Building an armature.

An armature is a frame for your sculpture. It can be made from any strong and rigid material like wire or steel. If you have a small welder you can quickly construct a basic steel frame for almost any sculpture. The frame is a basic rough outline of your sculpture and is meant to hold the material, in this case plaster, securely in place. Use the following method for making your first armature.

Secure a round piece of wood to a piece of hardboard. You can do this by gluing the wood together or by using nails or tacks. The length of the wood should be about two or three inches shorter than the length of the head you envisage making. Please note that it is not advisable to try to make a very large sculpture at the beginning. You will find that you may not have enough plaster and that it may be more time- consuming than you at first thought.

Now take some lengths of flexible wire and secure them to the piece of hardboard with nails. Bend the wire to make a rounded shape. Attach these wires to the central wooden pole. You should secure at least four pieces of wire in this way. This is the basic structure of your head. Make sure that the entire structure is smaller than the head ‘s final dimensions. The next stage requires knowledge of the correct mixing of plaster. We will return to the final stage of the armature after the next section.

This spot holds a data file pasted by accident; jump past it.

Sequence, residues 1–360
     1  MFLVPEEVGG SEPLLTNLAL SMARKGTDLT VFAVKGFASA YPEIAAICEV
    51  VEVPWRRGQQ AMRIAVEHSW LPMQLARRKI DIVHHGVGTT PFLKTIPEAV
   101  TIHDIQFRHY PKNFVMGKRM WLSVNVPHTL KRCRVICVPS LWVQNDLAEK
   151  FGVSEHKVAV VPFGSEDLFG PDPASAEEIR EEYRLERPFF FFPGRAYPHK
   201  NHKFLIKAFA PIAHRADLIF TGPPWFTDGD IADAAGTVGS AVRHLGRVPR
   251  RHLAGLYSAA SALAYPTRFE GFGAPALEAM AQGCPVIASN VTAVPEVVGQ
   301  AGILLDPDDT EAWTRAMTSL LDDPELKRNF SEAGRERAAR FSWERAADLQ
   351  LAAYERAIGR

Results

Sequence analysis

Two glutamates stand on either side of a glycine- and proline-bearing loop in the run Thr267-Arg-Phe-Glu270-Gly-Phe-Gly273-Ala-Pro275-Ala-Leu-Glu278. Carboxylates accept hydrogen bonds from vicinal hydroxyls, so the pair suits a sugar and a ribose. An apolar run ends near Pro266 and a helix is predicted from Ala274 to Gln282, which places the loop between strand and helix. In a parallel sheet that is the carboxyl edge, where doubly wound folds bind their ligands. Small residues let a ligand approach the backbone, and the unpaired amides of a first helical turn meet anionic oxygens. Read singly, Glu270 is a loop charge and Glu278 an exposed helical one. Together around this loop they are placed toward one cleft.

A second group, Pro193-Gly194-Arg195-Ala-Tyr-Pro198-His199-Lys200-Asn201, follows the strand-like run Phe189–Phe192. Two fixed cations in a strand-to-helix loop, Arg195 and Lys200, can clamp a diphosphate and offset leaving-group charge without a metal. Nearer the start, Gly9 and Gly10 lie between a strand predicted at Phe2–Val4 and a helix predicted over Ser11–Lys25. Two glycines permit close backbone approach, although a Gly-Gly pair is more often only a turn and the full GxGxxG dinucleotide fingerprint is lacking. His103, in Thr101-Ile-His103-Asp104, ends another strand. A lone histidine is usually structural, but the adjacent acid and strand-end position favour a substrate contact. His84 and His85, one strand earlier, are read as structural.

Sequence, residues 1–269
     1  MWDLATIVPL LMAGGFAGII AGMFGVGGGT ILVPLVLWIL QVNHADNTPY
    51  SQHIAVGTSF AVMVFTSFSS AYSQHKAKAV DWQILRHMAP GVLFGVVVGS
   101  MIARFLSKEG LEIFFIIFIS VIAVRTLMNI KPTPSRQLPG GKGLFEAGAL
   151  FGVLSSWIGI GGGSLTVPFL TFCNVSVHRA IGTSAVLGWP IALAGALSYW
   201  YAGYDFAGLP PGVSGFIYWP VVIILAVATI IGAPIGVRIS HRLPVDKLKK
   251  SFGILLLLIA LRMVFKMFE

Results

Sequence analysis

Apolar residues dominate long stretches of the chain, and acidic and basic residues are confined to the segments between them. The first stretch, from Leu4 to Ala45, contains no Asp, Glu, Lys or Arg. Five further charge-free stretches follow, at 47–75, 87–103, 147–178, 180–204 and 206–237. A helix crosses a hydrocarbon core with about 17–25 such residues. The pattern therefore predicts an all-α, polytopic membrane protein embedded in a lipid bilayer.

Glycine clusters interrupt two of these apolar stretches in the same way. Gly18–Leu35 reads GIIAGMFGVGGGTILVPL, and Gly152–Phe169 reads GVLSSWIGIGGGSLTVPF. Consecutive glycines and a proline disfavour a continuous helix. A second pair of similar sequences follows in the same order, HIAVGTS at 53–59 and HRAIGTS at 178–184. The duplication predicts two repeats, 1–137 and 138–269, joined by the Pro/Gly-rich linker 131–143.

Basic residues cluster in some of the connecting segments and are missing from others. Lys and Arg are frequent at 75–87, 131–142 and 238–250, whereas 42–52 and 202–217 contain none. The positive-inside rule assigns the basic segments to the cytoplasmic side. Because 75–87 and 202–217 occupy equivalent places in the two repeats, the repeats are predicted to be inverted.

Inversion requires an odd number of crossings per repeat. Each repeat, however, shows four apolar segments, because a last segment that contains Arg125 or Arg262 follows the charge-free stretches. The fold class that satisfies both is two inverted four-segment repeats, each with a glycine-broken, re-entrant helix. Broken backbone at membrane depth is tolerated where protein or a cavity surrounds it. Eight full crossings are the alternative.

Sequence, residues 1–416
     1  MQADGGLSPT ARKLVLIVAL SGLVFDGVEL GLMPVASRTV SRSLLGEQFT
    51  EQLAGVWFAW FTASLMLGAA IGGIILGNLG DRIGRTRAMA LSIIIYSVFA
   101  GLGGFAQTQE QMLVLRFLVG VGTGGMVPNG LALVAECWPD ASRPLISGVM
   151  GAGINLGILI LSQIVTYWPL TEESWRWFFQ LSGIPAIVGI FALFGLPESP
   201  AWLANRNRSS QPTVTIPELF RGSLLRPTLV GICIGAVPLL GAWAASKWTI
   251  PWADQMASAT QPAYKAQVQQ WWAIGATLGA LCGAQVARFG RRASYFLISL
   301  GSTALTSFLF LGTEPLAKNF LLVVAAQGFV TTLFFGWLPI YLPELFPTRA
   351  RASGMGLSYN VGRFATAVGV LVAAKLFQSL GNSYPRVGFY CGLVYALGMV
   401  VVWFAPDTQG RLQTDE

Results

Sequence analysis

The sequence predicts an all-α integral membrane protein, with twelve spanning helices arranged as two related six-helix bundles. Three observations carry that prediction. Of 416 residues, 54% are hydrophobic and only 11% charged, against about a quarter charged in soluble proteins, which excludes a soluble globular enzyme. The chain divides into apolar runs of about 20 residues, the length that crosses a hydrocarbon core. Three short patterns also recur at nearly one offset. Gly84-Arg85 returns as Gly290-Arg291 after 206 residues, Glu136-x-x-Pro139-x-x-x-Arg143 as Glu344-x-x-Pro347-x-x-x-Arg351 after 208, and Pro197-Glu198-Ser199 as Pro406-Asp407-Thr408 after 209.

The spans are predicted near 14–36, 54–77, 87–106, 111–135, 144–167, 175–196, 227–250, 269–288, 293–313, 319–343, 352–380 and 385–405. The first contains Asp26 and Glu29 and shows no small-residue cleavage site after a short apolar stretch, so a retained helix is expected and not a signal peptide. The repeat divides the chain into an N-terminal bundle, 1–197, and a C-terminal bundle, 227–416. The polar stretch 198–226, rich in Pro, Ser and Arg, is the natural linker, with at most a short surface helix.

Mixing plaster

Plaster of Paris works though water absorption. The powder from the plaster absorbs the water and develops into a tough, resilient material once it has dried. The relationship between the amount of water and the plaster is crucial when mixing the two. Too much water will make the plaster soft and crumbly.

The best method for mixing the plaster correctly is as follows:Take a bucket and fill it to just below half of its depth with clean water. Open your bag of plaster and scoop a handful of plaster. Drop the plaster into the water using your fingers as a filtering tool to ensure that no foreign objects enter the water. You may also use an ordinary kitchen sieve for this purpose; but this is more time consuming and is only necessary when casting a plaster mold from clay.

Continue the process by scooping handfuls of plaster and dropping them gently into the water. The process needs to be continuous and you should not stop for a break at this point. Remember that the plaster power is already beginning to react chemically with the water and is starting to “ set” or harden. When the plaster starts to form small mounds on top of the water then the correct balance between the water and plaster has been reached.

The next step is to gently insert your hand into the bucket of plaster and water and search for any objects, leaves etc. that may have fallen in. Gently stir, searching for clumps of plaster and breaking them up. This process also has the advantage of bringing air bubbles to the surface and ensuring that the plaster is uniform.

Finishing the Armature

Now that you have a basic knowledge of plaster mixing, we can complete the armature. Find some old rags and tear then into strips of about 40-50 cm long. Make a mixture of plaster and water. This is only to wet the rags, so fill the bucket only to a height of about 2 inches or 5 cm in depth. Once you have good mixture of plaster and water, dip the cloth strips into the mixture and twist then around the wire support. By winding the wet cloth strips around the armature you are creating a strong support and starting to build the sculpture itself. Allow these strips to dry. Small amounts of plaster like this rarely take longer than an hour to dry, depending of course on the amount of humidity in the air.